Early one recent morning, a roomful of people in Hampstead sat quietly, waiting for the president to speak.


Early one recent morning, a roomful of people in Hampstead sat quietly, waiting for the president to speak.



They kept their eyes on the spot where the president would stand: a small desk that held a list of the day’s talking points and a big bell. As soon as the president rang that bell, the people knew, the day would get started.



As the clock clicked over, the president strode to the front of the room, her shiny hair bouncing beneath a brightly colored headband and her ruffled skirt swishing. She sat down at the desk, glanced at her list and rang the bell.



"I now call the meeting to order," said Roxey Jordan, president – of a first- and second-grade classroom at North Topsail Elementary School.



Roxey, along with 21 other students at North Topsail Elementary, is part of the school’s newly formed leadership academy. The class looks like a traditional first- and second-grade combination class, but with a few differences. Different students are elected president, vice president and secretary each week, and that trio is responsible for guiding the class throughout the week. They take roll, talk about the day’s weather, recap what happened the day before – both good and bad – and ask how their classmates are being leaders.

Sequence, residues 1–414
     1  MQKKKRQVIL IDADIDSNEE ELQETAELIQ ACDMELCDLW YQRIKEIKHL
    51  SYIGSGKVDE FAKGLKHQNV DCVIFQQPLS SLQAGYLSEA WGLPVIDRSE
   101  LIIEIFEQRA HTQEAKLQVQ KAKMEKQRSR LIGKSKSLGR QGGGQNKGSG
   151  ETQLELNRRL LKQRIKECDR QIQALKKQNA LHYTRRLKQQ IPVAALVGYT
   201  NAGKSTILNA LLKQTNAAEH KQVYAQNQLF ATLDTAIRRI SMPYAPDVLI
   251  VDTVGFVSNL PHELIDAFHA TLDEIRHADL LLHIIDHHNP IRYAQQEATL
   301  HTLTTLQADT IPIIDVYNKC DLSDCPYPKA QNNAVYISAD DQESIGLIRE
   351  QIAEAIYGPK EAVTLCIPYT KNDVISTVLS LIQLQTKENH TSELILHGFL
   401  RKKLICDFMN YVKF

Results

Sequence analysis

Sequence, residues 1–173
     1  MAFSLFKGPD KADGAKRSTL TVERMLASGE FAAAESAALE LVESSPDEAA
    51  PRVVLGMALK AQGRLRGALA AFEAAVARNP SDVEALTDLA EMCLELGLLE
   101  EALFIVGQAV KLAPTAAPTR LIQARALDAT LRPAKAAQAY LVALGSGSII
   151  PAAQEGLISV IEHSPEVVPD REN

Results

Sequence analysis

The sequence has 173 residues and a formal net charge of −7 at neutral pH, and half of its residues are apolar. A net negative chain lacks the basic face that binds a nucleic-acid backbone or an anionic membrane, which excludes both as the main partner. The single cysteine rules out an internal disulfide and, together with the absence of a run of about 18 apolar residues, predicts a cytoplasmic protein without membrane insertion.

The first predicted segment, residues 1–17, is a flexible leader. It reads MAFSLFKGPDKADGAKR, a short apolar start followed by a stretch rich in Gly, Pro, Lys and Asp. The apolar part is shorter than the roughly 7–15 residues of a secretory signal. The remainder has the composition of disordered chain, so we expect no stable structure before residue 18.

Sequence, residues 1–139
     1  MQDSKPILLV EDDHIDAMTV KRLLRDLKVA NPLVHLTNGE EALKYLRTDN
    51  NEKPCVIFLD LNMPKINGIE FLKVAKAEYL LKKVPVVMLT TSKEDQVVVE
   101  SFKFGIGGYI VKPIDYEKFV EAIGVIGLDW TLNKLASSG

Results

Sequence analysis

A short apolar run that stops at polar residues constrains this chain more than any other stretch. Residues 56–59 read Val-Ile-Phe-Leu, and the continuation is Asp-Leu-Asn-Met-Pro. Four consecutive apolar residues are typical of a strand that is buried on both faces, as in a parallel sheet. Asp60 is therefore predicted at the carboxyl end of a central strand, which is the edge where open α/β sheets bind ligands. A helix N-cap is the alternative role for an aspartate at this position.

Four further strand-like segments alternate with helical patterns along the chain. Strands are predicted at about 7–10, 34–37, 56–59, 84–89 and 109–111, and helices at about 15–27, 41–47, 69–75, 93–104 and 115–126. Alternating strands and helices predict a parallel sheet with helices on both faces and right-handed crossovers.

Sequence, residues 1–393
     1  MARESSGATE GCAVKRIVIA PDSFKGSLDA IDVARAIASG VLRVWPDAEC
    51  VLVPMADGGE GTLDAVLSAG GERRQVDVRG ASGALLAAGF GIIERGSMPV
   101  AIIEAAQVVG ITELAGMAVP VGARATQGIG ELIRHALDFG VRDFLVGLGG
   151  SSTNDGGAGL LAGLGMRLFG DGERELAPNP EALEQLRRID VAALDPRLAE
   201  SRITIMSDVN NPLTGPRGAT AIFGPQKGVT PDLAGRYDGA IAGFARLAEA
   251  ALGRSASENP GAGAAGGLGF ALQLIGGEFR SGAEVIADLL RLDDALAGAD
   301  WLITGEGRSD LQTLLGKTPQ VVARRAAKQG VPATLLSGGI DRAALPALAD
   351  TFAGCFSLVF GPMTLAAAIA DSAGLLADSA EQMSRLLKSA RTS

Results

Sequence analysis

The leadership class started at North Topsail Elementary this fall as a creative solution to overcrowded first and second grades, Assistant Principal Dawn McKernan said. Students who teachers felt were natural leaders were chosen for the class, which is taught by Bridget Wortman and MeiMei Garrison.



During their daily morning meetings, the students go over what it means to have these characteristics. To student Ethny Case, being a leader means pitching in to clean up the classroom. For James Manning, it’s a fellow classmate sharing his glue stick during art. To Kirsten Warrick, it’s relating to people – like remembering how you felt when your fish died to console a friend who’s sad, she said.



On the academic side, Wortman and Garrison are seeing their students’ abilities shoot up. The same thing is happening on the social side, with students speaking up willingly and working well with each other.



From the elementary school perspective, being in the leadership class is just fun. As Cory Mosser put it, being elected president is a high honor – it’s "like you’re the boss of everybody."